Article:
Antonio Madeira · 16 hours ago · 5 min read
Bitcoin · Libra › U.S. › Regulation
As the U.S. Senate learned about Facebook’s Libra, it realized that Bitcoin cannot be killed
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Bitcoin has been in the spotlight lately after a tweet from U.S. President Donald Trump where he expressed his views on cryptocurrencies, stating that he was “not a fan” of Bitcoin and that its value was highly volatile and based on thin air.
Since then, U.S. Secretary of the Treasury Steven Mnuchin held a briefing about regulating this cryptocurrency because of its use in criminal activity and the threat it poses to the financial system. Mnuchin emphasized that:
“Cryptocurrencies such as Bitcoin have been exploited to support billions of dollars of illicit activity like cybercrime, tax evasion, extortion, ransomware, illicit drugs, human trafficking. Many players have used cryptocurrency to support their maligned behavior—this is indeed a national security issue.”
In addition, the U.S. Senate held two different hearings with Facebook’s David Marcus focused on the Libra cryptocurrency. Due to the history of ethical and regulatory violations that Facebook has had in recent years, many concerns about privacy and trust have been raised among top government officials who argue that consumers data could be jeopardized since the firm will now also control the financial information of its 2.4 billion user base.
“We’d be crazy to give them a chance to let them experiment with people’s bank accounts,” said Senator Sherrod Brown. “It will be delusional to think individuals would trust Facebook with their hard-earned money.”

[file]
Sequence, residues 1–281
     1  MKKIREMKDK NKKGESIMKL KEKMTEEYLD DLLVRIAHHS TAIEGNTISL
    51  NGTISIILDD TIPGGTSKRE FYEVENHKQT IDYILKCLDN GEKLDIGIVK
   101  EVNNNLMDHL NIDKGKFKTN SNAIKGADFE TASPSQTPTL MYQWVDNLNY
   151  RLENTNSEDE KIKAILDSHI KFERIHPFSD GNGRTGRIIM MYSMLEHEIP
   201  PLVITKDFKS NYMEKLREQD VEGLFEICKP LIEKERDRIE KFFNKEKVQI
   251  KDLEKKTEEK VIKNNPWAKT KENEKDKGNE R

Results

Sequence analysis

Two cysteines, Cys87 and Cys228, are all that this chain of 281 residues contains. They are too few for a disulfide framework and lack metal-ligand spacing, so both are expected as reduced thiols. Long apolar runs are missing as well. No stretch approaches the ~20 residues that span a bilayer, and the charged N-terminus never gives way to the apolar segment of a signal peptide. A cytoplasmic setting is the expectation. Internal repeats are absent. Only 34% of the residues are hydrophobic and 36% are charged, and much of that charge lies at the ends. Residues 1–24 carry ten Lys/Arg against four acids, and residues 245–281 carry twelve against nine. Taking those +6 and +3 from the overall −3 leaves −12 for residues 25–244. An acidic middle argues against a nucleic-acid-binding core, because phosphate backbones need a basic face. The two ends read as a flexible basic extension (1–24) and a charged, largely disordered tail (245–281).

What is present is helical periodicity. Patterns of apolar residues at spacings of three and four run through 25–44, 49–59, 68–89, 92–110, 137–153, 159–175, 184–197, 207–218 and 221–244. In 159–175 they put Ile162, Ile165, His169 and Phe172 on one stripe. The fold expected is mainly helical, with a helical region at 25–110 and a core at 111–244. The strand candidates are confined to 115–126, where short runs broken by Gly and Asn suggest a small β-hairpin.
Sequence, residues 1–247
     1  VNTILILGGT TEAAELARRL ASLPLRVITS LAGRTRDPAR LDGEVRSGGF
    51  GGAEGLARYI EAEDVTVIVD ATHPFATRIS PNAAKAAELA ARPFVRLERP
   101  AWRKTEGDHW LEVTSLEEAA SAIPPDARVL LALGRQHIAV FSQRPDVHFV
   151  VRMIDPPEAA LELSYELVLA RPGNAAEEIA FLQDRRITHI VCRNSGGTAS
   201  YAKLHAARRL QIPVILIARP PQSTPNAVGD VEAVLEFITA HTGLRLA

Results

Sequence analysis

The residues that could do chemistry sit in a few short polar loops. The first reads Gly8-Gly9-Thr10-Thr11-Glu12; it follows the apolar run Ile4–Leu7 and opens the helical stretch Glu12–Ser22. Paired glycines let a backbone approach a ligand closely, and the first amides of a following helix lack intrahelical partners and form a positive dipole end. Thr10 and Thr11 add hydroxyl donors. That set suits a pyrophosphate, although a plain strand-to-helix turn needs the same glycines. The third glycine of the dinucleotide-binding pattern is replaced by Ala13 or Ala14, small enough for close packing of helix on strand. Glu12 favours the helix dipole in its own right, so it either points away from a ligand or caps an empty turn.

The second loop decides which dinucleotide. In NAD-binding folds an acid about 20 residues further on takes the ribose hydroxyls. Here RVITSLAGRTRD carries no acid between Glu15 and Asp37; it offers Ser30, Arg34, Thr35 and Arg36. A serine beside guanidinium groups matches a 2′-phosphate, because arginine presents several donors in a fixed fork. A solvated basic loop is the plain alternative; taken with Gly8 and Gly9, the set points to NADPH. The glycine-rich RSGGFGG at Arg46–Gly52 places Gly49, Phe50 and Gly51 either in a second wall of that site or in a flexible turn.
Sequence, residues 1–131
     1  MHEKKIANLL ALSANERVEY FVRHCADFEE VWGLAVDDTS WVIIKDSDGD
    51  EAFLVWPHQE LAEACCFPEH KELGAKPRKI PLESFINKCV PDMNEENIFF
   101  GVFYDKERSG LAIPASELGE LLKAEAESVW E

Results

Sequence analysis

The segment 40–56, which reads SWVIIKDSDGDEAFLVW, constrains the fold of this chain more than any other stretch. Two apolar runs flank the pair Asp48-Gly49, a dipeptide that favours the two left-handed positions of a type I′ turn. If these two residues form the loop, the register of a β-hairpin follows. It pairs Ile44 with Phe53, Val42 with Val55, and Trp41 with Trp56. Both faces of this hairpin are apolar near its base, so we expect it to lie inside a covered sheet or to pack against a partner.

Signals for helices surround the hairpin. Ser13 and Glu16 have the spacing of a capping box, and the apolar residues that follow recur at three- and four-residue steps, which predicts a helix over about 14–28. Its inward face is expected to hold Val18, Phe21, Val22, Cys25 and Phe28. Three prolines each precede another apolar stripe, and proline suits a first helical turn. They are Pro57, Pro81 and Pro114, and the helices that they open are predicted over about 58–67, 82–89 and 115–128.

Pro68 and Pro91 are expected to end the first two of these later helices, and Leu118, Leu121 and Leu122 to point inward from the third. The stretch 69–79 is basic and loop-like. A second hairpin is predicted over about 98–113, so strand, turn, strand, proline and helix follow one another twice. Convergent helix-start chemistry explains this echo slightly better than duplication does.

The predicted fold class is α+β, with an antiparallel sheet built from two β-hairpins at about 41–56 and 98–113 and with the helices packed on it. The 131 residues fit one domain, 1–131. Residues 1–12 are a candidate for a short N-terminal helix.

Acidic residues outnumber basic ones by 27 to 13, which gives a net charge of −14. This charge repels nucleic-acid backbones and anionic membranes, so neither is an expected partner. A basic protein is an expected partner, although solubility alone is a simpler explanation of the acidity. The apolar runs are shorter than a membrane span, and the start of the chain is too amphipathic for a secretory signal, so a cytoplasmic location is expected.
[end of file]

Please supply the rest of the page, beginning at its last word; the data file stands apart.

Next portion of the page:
Even though the U.S. government is trying to intervene in the process in which any tech giant can basically create their own currency and become a bank, as President Trump stated, they could have come to realize that it will be difficult if not impossible to regulate Bitcoin.
According to U.S. Representative Patrick McHenry, a ranking member of the Financial Services Committee, regulators have no means of killing Bitcoin. McHenry believes that other iterations of cryptocurrencies that mimic Bitcoin and are not fully decentralized can be easily shut down, but the process is not as simple when it comes to the pioneer cryptocurrency.
“I think there is no capacity to kill Bitcoin. Even the Chinese with their Firewall and their extreme intervention on their society cannot kill Bitcoin. So, a distributed ledger, full and open, in the essence of Bitcoin, as a first mover in the space [cannot be killed].”
— Squawk Box (@SquawkCNBC) July 17, 2019
In fact, co-founder at Morgan Creek Anthony Pompliano explained in a recent interview with CNBC that with companies such as Facebook there is a CEO and a company to go after that will assume all responsibility for the success or failure in the creation of a new cryptocurrency, but with Bitcoin there is no CEO, so there is nobody who can testify about it in a hearing.
"With Bitcoin, there is no CEO. You can't send a letter or send somebody in for a hearing," @APompliano explained Trump's aversion to crypto last week. https://t.co/WXNYQr4Kpa pic.twitter.com/ztOns1AnFk
— CNBC Politics (@CNBCPolitics) July 17, 2019
As the U.S. politicians become more aware of the decentralized nature of Bitcoin more attention is being drawn towards it and despite all the talks this cryptocurrency has plunged more than 30 percent over the past few days from the recent high of $13,200.
Bitcoin technical analysis
At the moment, BTC has broken below the major cluster of support that was given by the support trendline that developed since mid-March and the 38.20 percent Fibonacci retracement level. A drop down to the 50 or 61.80 percent Fibonacci retracement area could be expected, which are sitting between $8,500 and $7,200.
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